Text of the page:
Eva Niu wants new boots and, like millions of young people in China, she’s hunting for a deal on Taobao, one of the world’s biggest online markets.
But unlike most online shoppers in China just a year ago, Niu will buy the boots on credit provided from within the same system she shops in. That’s quite a leap in shopping sophistication for a 22-year-old who has never considered going to a bank for a credit card.
“It’s hard for us college students to apply for credit cards,” the Beijing law school student says, pointing at strict rules at banks that she believes would disqualify her. “Maybe that’s why Ali credit is popular among the young generation.”
By “Ali credit”, Niu means the dense data-processing and credit-scoring operations at Sesame Credit, part of Ant Financial. Ant, in turn, is an affiliate of Alibaba, the New York-listed e-commerce giant that also owns Taobao and launched a licensed online bank this year.
Without Niu even asking for it, Taobao offered her a virtual credit card, called Huabei, with a credit limit of 4,000 yuan (HK$4,881) good only within Alibaba’s empire. Ever since she bought a bra on Taobao in 2010, the company has collected every snippet of her transaction data within the online mall. Those blips now feed into Sesame Credit to produce a credit score.
Behind Niu’s boots, the scoring, the helixes of data and the unsolicited credit, there is a cosmos of credit information sweeping through what has become in a few short years one of the world’s biggest markets for online payments and e-shopping.
If things go as planned, a growing army of data firms and credit-scoring outfits will use the information to pivot China towards a future powered by consumer spending, namely by better assessing the creditworthiness of the masses.
But the deluge of data blips and credit scores must find order, experts say.
Fierce competition between technology companies, traditional banks, data processors and the government threatens to produce massive yet lonely islands of consumer data, gripped tightly like digital gold by individual companies.
That outcome will produce only shadowy profiles of the new shopping class in China. The power of the credit reporting market in China lies in bringing the wealth of data, or at least large swathes of it, together under a few leading firms.
“Wouldn’t it be great to have this data all in one place? It would be the mother of all credit data structures,” says Andrew Jennings, a vice-president at the US software company Fair Isaac Corporation, also known as FICO. “But it’s not all in one place.”
The data is scattered across the market. Experts at the World Bank have pointed out that a three-tier credit market is emerging. The bulk of the players process data, package then sell it to creditors. Next year, FICO plans to launch a service that will buy raw data from companies, process it and market it to banks to help them make lending decisions on individuals.
A smaller group of specialised credit reporters are homing in on data from specific industries. Their access to a wide range of data is limited but the firms, Alibaba counted among them, are able to derive snapshots of creditworthiness for individuals, and even lend to them.
At the top tier of the market are real credit bureaus that gather data from across different industries to produce comprehensive credit reports for people.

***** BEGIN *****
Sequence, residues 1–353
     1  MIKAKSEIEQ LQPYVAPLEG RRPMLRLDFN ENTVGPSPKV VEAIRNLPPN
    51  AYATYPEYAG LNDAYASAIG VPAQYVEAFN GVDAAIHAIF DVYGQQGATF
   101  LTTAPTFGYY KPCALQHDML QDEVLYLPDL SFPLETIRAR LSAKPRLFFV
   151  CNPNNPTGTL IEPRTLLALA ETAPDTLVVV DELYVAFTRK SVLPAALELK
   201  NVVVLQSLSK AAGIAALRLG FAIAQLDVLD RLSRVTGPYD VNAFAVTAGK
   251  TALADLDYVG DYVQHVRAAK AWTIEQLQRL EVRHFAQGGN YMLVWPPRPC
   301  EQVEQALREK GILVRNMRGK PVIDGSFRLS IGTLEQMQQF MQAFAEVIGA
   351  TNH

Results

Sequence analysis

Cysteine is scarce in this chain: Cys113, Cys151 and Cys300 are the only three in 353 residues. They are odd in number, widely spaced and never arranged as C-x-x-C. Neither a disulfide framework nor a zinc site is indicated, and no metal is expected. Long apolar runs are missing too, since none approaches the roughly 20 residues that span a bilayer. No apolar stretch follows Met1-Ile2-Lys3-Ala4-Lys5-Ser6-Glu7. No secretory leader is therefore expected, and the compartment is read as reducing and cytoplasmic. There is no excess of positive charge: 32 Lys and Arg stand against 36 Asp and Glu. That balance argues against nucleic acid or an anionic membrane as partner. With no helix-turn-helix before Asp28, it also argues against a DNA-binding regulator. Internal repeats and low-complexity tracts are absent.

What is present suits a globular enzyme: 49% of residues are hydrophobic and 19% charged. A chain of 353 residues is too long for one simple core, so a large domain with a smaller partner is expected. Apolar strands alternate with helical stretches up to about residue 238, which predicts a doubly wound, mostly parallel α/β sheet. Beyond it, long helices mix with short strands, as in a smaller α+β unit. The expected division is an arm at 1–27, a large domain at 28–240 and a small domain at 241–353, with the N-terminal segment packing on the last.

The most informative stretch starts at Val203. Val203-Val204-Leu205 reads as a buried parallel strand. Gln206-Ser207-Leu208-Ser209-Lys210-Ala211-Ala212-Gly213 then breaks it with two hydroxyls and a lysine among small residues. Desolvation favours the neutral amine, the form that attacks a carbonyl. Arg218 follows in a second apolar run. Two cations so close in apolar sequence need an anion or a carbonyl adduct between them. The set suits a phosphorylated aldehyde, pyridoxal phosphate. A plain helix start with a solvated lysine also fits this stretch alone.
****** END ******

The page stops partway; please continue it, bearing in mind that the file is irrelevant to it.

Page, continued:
Today, only the state-controlled Credit Registry Centre, or CRC, qualifies for the first tier. The People’s Bank of China launched the centre in 2002 and since then it has filed away banking data on more than 300 million citizens, with complete profiles of about 240 million.
The sheer scale of the CRC makes it one of the world’s largest credit bureaus. But it is far from comprehensive. In fact, out of the total population, there are about 500 million potential bank customers that have no formal credit record, according to FICO.
Together with the 60 million with incomplete records at the CRC, China has 560 million citizens – Niu, the boot shopper, included – who are a simply uncovered in the formal credit reporting market. That’s 560 million potential shoppers who will struggle to get bank loans or even pick up credit cards.
They have not all gone ignored, however. Those people, who by themselves would constitute the world’s third largest country, are the focus of China’s emerging internet and e-commerce giants, many of which will soon be fully licensed for the business.
Last year, the central bank announced that it would open the once-tightly-guarded credit reporting market to the private sector with a view to spurring competition and innovation. It invited eight firms, including affiliates of Ping An, Alibaba and Tencent to apply for credit reporting licences, hoping at least a few would become true credit bureaus.
The companies might call themselves credit bureaus but they have carried on with business as usual.
For years, Alibaba has collected transaction data from both merchants that sell goods on Taobao, and from the customers that buy the goods. From that wealth of data, it synthesises credit scores.
In much the same way, Qianhai Credit, which is owned by Ping An Group, has collected data from Ping An’s insurance business and from Lufax, a peer-to-peer lending platform that is also part of the group.
Those companies and others have towering silos of data, which neither share a common format nor combine with other caches of data to create richer and more comprehensive scores for customers. There is little to no sharing, and that limits their view of what customer creditworthiness really looks like.
The internet and tech giants pushing into the sector, despite holding some of the biggest stores of transaction data in the world, have only a cross-section view of individuals who have entered their ecosystems.